Perhaps the most iconic piece of the optometric examination is the visual acuity-traditionally measured by reading letters on a chart 20 feet away. This is a very important piece of information because it tells the doctor how well the macula is working. The macula is the area of the retina that gives us visual details and color vision. This is all well and good until the patient in the chair cannot read letters. What happens now?!?! Rest assured, there is more than one way to do this.
- Resistance to Occlusion (RTO): This is perhaps the most basic test of vision–determining if the patient has a preference for one eye over another. If the patient fights me when I try to cover one of their eyes, it is an indicator that the patient is favoring one of the eyes. I have had patients try and bat my hand away, turn away from my hand, yell, scream and cry when I attempt to cover their favorite eye.
- Fix and Follow (F&F): Fix and follow is often paired with RTO–allowing me to assess both tracking and vision at the same time. Infants learn how to fixate on an object of interest and track it (like mom’s face) fairly soon. The presence of a high prescription or damage to the macula can impede vision development and prevent a strong fix and follow response.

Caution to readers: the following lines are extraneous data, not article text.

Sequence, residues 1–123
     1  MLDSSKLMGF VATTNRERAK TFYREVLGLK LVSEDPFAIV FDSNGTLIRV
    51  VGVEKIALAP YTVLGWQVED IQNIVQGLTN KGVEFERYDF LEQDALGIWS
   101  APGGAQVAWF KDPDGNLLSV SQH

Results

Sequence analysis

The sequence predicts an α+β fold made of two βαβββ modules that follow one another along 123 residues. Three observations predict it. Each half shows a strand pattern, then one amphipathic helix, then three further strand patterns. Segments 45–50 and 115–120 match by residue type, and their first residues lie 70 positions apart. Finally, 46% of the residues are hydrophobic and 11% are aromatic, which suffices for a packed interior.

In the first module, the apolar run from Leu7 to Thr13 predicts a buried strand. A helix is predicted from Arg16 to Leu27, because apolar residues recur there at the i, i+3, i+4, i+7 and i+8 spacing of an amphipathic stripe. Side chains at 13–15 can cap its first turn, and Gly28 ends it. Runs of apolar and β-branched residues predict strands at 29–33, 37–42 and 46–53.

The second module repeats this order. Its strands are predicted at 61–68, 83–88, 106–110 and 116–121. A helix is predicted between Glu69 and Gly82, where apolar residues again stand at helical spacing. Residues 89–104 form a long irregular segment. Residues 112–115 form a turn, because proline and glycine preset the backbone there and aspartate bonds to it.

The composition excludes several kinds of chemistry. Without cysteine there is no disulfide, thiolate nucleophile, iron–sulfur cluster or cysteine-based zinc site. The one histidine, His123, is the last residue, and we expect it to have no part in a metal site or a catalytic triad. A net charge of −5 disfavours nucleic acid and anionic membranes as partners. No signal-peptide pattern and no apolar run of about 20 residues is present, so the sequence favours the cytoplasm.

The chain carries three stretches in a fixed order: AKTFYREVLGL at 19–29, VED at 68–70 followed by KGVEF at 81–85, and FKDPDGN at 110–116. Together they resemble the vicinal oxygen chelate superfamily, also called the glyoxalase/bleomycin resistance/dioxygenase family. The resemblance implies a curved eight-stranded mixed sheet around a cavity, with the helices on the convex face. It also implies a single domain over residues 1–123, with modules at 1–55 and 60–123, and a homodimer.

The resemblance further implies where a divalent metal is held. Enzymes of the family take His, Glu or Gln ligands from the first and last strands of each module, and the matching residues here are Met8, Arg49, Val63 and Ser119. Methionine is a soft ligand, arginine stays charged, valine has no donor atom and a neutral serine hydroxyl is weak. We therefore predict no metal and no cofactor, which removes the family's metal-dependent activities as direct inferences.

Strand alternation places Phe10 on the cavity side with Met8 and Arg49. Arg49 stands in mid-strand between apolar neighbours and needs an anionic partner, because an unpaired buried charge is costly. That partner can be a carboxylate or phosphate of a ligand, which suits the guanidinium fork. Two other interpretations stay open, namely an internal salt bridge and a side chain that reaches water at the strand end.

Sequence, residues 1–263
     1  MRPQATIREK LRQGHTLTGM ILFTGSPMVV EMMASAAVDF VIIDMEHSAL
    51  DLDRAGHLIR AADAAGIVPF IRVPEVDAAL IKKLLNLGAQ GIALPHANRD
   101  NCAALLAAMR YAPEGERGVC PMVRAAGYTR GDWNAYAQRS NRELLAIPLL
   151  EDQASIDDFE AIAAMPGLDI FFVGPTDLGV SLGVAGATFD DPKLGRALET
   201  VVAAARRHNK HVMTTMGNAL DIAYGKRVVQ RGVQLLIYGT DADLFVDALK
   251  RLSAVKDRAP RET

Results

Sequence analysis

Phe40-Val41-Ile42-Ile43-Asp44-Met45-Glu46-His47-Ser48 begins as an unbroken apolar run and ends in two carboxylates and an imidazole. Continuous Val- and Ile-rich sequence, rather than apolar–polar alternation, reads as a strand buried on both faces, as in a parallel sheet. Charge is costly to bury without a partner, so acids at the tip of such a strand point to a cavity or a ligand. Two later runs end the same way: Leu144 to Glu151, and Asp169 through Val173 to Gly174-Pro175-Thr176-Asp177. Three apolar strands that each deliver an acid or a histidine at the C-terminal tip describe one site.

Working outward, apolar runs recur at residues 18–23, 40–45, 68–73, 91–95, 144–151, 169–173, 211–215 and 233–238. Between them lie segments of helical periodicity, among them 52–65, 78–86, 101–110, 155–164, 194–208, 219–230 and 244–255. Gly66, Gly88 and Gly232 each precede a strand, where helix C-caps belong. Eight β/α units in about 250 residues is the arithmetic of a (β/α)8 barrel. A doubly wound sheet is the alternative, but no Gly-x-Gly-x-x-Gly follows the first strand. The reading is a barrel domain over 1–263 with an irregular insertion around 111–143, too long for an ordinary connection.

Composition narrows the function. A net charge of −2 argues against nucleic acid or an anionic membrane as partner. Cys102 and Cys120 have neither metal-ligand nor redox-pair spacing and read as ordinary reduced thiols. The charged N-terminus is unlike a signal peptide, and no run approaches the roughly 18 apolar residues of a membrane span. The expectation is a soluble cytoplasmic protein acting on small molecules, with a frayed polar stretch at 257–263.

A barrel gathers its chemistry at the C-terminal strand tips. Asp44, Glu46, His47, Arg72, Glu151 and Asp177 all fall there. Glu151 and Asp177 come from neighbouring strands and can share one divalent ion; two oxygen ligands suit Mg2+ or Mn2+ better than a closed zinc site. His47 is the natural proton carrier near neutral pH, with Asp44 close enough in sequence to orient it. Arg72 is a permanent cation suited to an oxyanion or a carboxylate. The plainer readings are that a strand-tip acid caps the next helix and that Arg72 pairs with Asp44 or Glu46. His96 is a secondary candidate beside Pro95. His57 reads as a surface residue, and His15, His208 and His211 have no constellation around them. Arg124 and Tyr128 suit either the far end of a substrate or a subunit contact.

What about the patient who doesn’t know their letters? There are a lot of different options for getting acuity with picture charts. My system has Allen figures (click here for example) and they work well. If the patient will sit in my chair , this is a great tool. I am always impressed that the kids identify the old rotary telephone as a phone without any prompting from me. The last time I saw a rotary phone was in my great-grandmother’s house.
There are lea figures, which come on cards. These are my favorite, as I can play matching games with the kids and thus eliminate the need for the kids to be able to reliably identify pictures such as birds and horses. We are only dealing with a square, circle, heart and house, all of which are designed to blur to a circle once I reach the patient’s vision threshold. They come on cards, which means they are portable! This is fantastic because I can take acuities at 5 feet, (not so far away that the kids quit paying attention, but not so close that I am all up in their personal space) and easily covert to 20 feet distance acuities. Simple and versatile is better.
The tumbling E’s are the bane of my existence. I hate these. When I was in college, I worked for a pediatric ophthalmologist who would have the kids indicate which way the E was tumbling with their hands. Fingers up, down, left or right. This doc must have had magical hand sign interpreting powers. What do you do when the kid displays fingers on the diagonal??!?!? Needless to say, I do not use these.
Once we have gotten past the age where I have to entice the kids to play games with me, they can usually start reading numbers and then letters, which brings us back to the traditional chart.
Why go through all of this trouble to make sure we can quantify visual acuity? As long as I have a consistent way to measure how well a patient can see, I can track progress in vision therapy, notice changes in refractive error, and catch subtle pathological conditions that need to be addressed sooner rather than later.
Stay tuned for….the COVER TEST! As a professor of mine put it, the KING OF ALL TESTS.